SHARM EL-SHEIKH, Egypt — As the world gallops toward what scientists warn would be a catastrophic rise of 3° Celsuis (5.4° Fahrenheit) in global temperatures above pre-industrial levels by 2100, environment-focused officials and activists from all over the world have taken to social media to slam the recent UN climate conference in Egypt as a failure.
Like the 26 meetings before it, COP27 did not clamp down on the single most important danger to the planet — the human-generated emissions that are causing global warming.
With reported obstruction from fossil fuel states such as Saudi Arabia and China, and the presence of more than 600 executives and lobbyists from fossil fuel companies — a rise of 25 percent compared with last year — governments proved incapable of approving a slew of badly-needed resolutions.
These included determining that emissions would peak in 2025, that coal use would stop within a specified time frame, and that fossil fuels in general would be “phased down,” not to mention phased out.
Some of the harder decisions on implementing a cap-and-trade emissions market were also postponed.
Some fossil fuel-rich countries even tried, but failed, to pull back from an agreement cemented at last year’s COP26 in Scotland to keep temperature rises to 1.5° C (2.7° F) above pre-industrial levels — a goal that looks increasingly illusory anyway.
The next COP meeting will be held in December 2023 in the petro-kingdom of Dubai, raising a question mark over prospects for stronger action next year.
The COP resolution required to wind up the conference needed the unanimous agreement of nearly 200 countries organized into blocs, all with their own political and economic agendas, which is why these events — attended, as they are, by thousands of energetic, committed and well-meaning people from the entire spectrum of activity on climate — often end with such deep frustration and despair.
Honestly, I'm struggling to see the outcome of #COP27 as anything other than a failure.
Reducing emissions are the most important goal, and hardly any progress was made there.
— Dr. Robert Rohde (@RARohde) November 20, 2022
For the Middle East, a hotspot in which temperatures are rising twice as fast as the global average, the future looks even bleaker. The region is on track to reach a mind-bending 4°Celsius (7.2° Fahrenheit) or even 5° Celsius (9° Fahrenheit) by the end of the century, unless radical action is taken.
It was always going to be a difficult COP, given the strains on budgets brought on by the global energy crunch and food shortages, the rush to extract more fossil fuels to make up for supply cuts from Russia, and an emissions trajectory that continues to rise.
But there were some positive results from the UN’s biggest annual shindig.
In contrast to last year’s COP26 in Glasgow, Scotland, this year’s confab in Egypt’s Sharm el-Sheikh emphasized the needs of Africa and the developing world.
The spotlight was on adaptation to the consequences of climate change rather than its causes.
Progress included a commitment in principle (without any detail) by the richer countries to create a “loss and damage” fund to help the global south recover from the devastating effects of increasingly extreme weather events.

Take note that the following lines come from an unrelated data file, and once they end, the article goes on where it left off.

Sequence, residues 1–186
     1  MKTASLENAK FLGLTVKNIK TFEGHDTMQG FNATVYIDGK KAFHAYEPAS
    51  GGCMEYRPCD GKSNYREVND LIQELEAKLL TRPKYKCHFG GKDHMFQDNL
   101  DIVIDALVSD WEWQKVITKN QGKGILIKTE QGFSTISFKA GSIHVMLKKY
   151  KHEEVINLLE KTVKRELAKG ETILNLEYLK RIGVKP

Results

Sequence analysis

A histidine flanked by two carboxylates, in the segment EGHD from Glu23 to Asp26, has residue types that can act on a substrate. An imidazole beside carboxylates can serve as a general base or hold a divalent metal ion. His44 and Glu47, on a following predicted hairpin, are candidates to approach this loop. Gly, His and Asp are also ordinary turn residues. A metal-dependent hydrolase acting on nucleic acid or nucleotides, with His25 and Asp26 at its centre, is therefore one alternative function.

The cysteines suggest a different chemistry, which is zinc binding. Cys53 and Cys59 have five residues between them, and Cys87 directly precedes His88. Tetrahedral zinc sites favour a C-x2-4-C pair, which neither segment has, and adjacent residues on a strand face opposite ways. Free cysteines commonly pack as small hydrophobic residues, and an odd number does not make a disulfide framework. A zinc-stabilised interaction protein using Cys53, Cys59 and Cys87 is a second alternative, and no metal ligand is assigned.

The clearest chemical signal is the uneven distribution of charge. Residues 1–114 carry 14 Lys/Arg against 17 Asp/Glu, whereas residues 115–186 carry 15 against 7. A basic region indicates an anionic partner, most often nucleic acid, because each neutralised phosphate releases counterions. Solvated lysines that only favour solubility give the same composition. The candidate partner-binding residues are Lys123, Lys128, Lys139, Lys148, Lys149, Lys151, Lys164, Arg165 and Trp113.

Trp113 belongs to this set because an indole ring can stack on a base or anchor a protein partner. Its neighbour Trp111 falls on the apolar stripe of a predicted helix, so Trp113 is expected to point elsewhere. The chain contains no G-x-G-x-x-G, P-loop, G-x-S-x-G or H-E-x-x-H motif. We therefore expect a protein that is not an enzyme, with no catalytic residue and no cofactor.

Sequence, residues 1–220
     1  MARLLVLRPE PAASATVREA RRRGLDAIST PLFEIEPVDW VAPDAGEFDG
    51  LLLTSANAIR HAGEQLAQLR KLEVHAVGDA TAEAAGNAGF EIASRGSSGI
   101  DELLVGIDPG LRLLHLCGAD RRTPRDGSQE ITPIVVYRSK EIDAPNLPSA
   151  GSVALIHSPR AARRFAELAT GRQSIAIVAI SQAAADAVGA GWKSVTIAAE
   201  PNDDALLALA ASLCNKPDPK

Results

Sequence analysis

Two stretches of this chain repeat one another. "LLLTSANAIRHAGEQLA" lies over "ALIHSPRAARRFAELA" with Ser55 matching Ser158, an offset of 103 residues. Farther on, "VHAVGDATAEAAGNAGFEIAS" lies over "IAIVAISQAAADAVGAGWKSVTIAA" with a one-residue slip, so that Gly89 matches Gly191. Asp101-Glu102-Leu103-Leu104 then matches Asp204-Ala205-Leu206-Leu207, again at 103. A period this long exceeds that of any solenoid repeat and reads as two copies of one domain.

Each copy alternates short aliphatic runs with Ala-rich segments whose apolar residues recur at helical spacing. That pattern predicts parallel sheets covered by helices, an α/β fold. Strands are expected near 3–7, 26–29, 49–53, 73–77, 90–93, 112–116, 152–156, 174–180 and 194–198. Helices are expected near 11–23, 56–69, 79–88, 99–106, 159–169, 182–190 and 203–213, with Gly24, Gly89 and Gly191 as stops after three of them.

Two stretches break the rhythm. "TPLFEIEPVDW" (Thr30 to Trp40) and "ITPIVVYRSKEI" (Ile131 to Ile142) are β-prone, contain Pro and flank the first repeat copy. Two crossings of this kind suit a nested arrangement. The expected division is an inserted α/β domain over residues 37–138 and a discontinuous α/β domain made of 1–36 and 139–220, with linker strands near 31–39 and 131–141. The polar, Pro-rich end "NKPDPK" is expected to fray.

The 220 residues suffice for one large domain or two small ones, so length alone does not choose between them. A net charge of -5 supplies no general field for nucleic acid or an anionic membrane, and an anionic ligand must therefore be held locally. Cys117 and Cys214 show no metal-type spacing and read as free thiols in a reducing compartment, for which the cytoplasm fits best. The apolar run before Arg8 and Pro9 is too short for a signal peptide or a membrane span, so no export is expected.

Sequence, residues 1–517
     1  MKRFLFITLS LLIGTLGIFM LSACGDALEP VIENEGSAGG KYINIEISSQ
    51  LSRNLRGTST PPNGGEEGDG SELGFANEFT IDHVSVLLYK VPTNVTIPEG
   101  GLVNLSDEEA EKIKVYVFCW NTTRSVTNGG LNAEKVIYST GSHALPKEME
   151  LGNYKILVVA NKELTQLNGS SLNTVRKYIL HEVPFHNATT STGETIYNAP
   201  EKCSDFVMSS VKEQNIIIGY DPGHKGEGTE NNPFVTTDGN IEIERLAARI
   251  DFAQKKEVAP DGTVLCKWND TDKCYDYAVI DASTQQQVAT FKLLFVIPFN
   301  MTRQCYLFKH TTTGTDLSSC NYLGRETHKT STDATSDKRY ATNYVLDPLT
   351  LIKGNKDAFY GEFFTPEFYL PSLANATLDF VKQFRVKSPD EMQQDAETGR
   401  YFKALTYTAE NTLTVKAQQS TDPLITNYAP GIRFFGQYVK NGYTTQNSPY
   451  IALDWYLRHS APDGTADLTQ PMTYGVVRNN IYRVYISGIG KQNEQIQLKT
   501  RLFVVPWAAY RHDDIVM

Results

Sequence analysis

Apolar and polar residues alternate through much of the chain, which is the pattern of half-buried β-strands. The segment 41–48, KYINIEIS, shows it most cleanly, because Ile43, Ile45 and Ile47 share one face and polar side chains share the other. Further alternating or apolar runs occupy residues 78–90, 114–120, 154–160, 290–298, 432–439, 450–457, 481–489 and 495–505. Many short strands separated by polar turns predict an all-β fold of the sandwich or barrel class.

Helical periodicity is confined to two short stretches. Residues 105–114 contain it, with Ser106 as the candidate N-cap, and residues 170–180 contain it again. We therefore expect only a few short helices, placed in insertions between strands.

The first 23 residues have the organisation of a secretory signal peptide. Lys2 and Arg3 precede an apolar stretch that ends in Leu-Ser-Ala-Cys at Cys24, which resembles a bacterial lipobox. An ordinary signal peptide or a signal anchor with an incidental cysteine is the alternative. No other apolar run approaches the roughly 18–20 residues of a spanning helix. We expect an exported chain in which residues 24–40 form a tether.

Also agreed on was the need to reform the international financial institutions such as the multilateral development banks to ensure that more climate finance flows to developing countries.
The US and China — the biggest emitters in the world — started working together again on climate, putting the fallout from former House Speaker Nancy Pelosi’s visit to Taiwan earlier this year behind them.
And additional countries joined a pledge launched in Glasgow last year to cut emissions of methane — a particularly powerful warming gas — by 30% by the end of this decade.
In 30 years of UN climate negotiations, eliminating the primary cause of global heating – fossil fuels – has never been mentioned in the decisions, not even in the COP27 in 2022.
And these were the results. pic.twitter.com/zKTO1oq9M6
— @MatthiasSchmelzer@kolektiva.social (@MGSchmelzer) November 21, 2022
Israel was represented by President Isaac Herzog and four outgoing ministers — Tamar Zandberg from the Environmental Protection Ministry, Orit Farkash Hacohen from the Science and Technology Ministry, Education Minister Yifat Shasha-Biton, and Issawi Frej, minister of regional cooperation.
With a right-wing victory delivered by Israeli elections just days before the conference began, outgoing Prime Minister Yair Lapid and several other ministers decided that it would be inappropriate for them to attend.
During the event, which ended on November 18, officials from many ministries flew in and out, according to different themes spread over the 11 days of the confab.
They included representatives of the finance and defense ministries, and the National Security Council within the Prime Minister’s Office. The NSC added climate change into its national risk list earlier this year, and is employing an expert on the subject for the first time: Victor Weiss, a former director of Israel’s Heschel Sustainability Center, which works for a just transition to a low-carbon economy.
The country’s first-ever COP pavilion was big, buzzy and given prime real estate in the first of several pavilion buildings, near the official US stage and events area.
The pavilion, with its four daily panel events and lectures, its space to sit and talk or work, and especially its free coffee without a queue, turned it into a magnet.